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Friday, December 23, 2011

Peel Strength Properties of Adhesives

For various reasons, one of which concerns the surface treatment of the metal, peel strength is a property that is not as consistently reproduced in an adhesive as is tensile shear strength. This is the reason why the bend test of an overlap joint is often preferred to the peel test as a measure of flexibility. It is, however, certain that for two polymer adhesives the variation of peel strength with temperature depends largely on the behavior of the thermoplastic component. The usual effect of heat is first to create an increase and later a decrease in peel strength. A typical peel strength/temperature relationship of a polyvinyl acetal/phenolic adhesive is shown on the picture below. The curve shows the strength according to the Ciba (ARL) drum peel method, the climbing drum method gives a somewhat higher figure and an average value for this at 25oC is shown.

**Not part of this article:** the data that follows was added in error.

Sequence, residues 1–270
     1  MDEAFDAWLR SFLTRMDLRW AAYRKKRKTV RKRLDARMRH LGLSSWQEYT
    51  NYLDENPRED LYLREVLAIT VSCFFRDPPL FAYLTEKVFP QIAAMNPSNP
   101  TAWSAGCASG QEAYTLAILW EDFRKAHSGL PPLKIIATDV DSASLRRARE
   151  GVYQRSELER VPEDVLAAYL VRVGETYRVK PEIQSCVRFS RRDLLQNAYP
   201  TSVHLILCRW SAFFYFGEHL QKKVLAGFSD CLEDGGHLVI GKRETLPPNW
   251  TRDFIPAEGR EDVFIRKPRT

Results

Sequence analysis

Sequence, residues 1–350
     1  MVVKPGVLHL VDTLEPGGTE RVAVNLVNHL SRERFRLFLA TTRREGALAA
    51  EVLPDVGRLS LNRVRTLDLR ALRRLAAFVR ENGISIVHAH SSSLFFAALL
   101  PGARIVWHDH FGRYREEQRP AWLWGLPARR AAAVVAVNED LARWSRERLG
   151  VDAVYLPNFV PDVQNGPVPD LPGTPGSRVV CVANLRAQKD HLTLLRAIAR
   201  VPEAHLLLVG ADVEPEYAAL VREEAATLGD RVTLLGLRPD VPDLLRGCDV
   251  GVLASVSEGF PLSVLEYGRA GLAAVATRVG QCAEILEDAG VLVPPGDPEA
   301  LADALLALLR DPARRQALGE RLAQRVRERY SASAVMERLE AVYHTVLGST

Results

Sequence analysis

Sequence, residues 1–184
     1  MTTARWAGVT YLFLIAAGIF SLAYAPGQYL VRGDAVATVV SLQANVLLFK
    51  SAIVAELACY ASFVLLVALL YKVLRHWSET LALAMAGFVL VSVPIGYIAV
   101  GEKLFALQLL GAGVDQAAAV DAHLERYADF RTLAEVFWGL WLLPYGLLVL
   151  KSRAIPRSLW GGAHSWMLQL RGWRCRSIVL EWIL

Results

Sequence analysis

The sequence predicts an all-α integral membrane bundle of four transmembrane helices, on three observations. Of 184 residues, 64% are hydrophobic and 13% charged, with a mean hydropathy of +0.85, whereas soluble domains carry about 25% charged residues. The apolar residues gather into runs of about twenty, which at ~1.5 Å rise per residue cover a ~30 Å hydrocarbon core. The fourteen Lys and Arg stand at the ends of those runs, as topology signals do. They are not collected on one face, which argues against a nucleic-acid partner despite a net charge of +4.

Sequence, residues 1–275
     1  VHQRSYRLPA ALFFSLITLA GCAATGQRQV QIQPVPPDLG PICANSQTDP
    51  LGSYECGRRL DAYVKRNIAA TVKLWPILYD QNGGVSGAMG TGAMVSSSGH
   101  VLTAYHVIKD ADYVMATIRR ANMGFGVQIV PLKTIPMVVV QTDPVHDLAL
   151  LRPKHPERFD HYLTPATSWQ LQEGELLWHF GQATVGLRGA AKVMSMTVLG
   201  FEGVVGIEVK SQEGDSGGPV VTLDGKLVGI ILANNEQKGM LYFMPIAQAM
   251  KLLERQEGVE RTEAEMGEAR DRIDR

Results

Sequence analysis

Conflicting figures have been given over the last 10 years, showing tensile shear strength/temperature relationship of acetal/phenolic adhesives. It is, moreover, difficult to make a comparison between polyvinyl formal and polyvinyl butyral unless regard is paid to the composition of the two polymers system, whether for instance the adhesive has been formulated for maximum peel strength or maximum hot shear strength. However, the curves shown in temperature for typical formulation. In each case the component ratio was 2 polyvinyl acetal to 1 phenolic resin solids. The systems were cured for 1 hour at 165oC, and this curing cycle may account for value which, while showing very good strengths at elevated temperature, are accompanied by rather below average peel strengths. In an example relating to use in aluminium honeycomb core it has been shown that the formal and butyral produce almost identical longitudinal shear/temperature curves.